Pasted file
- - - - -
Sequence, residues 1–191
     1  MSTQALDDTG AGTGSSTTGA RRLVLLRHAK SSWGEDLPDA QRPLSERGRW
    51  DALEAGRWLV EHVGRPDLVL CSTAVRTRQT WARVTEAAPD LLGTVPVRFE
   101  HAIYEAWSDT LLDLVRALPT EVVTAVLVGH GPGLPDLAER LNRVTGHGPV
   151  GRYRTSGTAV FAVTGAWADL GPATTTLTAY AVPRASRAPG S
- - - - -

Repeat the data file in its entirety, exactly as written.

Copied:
Sequence, residues 1–191
     1  MSTQALDDTG AGTGSSTTGA RRLVLLRHAK SSWGEDLPDA QRPLSERGRW
    51  DALEAGRWLV EHVGRPDLVL CSTAVRTRQT WARVTEAAPD LLGTVPVRFE
   101  HAIYEAWSDT LLDLVRALPT EVVTAVLVGH GPGLPDLAER LNRVTGHGPV
   151  GRYRTSGTAV FAVTGAWADL GPATTTLTAY AVPRASRAPG S